Saturday, April 08, 2006

When is releasing a fact a "leak"?

In their continuing efforts to discredit the administration, the mediacrats are hounding the administration over the declassification of a prewar intelligence document in 2003. The DC branch of the Associated Press (or, as I like to call them, the Washington Bureau of Al Jazeera) asserts that the "White House Faces Barrage of Leak Queries."

   Question: when is releasing a declassified memo a "leak"?
   Answer: when it portrays the Bush administration in a negative light.

GayPatriot describes it perfectly: "the Orwellian worldview of Bush-haters where releasing facts means having something to hide."

Contrast this coverage with that of Sandy Berger's illegal destruction of real classified information. Berger admitted to confiscating and destroying Top Secret documents that related directly to Osama Bin Laden's whereabouts, Al Qaeda, and/or the Taliban.

Ah, Sandy Berger. May I be permitted to quote from the 9/11 Commission Report regarding the Clinton administration's bumbled handling of Bin Laden (p. 190 and 191)?

On the first flight, a Predator saw a security detail around a tall man in a white robe at Bin Ladin's Tarnak Farms compound outside Kandahar. After a second sighting of the "man in white" at the compound on September 28, intelligence community analysts determined that he was probably Bin Ladin... Berger worried that a Predator might be shot down, and warned Clarke that a shootdown would be a "bonanza" for Bin Ladin and the Taliban...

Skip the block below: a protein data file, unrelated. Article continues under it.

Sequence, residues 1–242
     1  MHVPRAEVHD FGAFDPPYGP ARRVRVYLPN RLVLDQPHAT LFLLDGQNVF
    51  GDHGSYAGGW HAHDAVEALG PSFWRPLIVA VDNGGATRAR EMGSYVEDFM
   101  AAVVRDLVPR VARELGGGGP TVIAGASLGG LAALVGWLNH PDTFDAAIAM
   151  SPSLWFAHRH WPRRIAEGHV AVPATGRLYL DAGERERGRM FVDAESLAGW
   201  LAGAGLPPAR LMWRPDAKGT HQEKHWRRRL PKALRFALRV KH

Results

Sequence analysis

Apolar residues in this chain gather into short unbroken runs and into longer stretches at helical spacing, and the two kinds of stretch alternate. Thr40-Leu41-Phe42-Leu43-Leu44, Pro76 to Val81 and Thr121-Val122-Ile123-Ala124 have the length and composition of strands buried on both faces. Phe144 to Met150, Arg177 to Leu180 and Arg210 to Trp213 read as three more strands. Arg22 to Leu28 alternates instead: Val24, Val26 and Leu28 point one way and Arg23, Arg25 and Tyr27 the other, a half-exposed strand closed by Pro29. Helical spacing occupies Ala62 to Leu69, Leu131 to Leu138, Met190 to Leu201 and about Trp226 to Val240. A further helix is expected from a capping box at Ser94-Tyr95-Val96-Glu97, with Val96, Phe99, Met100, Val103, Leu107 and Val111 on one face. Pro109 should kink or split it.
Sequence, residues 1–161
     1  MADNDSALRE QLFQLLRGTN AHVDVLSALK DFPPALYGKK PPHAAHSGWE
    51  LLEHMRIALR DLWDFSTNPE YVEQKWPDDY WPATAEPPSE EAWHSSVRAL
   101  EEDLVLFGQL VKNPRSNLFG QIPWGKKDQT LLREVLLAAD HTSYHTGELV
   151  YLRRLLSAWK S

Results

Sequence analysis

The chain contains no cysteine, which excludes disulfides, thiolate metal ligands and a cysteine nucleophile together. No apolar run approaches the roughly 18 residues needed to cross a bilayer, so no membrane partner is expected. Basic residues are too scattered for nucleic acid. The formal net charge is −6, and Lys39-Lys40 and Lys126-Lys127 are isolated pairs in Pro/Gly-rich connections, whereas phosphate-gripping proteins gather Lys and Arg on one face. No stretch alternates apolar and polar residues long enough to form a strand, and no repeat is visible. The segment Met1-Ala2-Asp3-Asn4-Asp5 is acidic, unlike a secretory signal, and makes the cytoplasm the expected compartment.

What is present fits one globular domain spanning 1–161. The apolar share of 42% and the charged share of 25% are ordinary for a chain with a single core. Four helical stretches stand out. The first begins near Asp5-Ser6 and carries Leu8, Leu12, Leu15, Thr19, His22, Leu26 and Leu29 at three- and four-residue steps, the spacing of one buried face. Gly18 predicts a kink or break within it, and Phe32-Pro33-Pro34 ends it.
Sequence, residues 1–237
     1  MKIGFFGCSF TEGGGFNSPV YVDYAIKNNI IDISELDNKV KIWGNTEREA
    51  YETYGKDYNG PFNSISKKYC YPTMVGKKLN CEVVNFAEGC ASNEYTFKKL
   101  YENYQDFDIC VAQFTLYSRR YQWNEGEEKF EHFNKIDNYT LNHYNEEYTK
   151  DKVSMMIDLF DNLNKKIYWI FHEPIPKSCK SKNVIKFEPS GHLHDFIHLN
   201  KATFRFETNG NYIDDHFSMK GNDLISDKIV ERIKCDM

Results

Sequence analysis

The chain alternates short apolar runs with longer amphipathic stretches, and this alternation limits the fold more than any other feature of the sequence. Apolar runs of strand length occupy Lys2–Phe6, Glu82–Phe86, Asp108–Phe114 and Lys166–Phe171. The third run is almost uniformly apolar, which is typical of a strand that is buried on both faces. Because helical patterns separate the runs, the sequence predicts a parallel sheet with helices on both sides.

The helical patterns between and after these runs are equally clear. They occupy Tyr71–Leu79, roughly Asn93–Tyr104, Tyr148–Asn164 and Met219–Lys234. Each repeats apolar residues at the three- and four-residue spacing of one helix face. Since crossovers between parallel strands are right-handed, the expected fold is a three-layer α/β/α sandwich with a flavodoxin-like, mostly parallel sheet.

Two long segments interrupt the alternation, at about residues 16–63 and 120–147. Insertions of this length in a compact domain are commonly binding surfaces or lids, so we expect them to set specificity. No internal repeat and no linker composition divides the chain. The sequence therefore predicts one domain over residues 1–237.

...Bin Ladin anticipated U.S. military retaliation (to the series of attacks culminating with the USS Cole). He ordered the evacuation of al Qaeda's Kandahar airport compound and fled -- first to the desert area near Kabul, then to Khowst and Jalalabad, and eventually back to Kandahar. In Kandahar, he rotated between five to six residences, spending one night at each residence. In addition, he sent his senior advisor, Mohammed Atef, to a different part of Kandahar and his deputy, Ayman al Zawahiri, to Kabul so that all three could not be killed in one attack.

There was no American strike... a source reported that an individual whom he identified as the big instructor (probably a reference to Bin Ladin) complained frequently that the United States had not yet attacked. According to the source, Bin Ladin wanted the United States to attack, and if it did not he would launch something bigger.

Now, that's an administration worth pillorying. Pity you won't see any of this "leak" kerfuffle depicted in the context of Clinton's disastrous approach to Bin Laden and Berger's subsequent destruction of related classified documents. That would require two things -- intellectual honesty and a historical perspective -- both of which are sorely lacking in today's mainstream media.

Whatever the national security question may be, the answer is never a Mediacrat.

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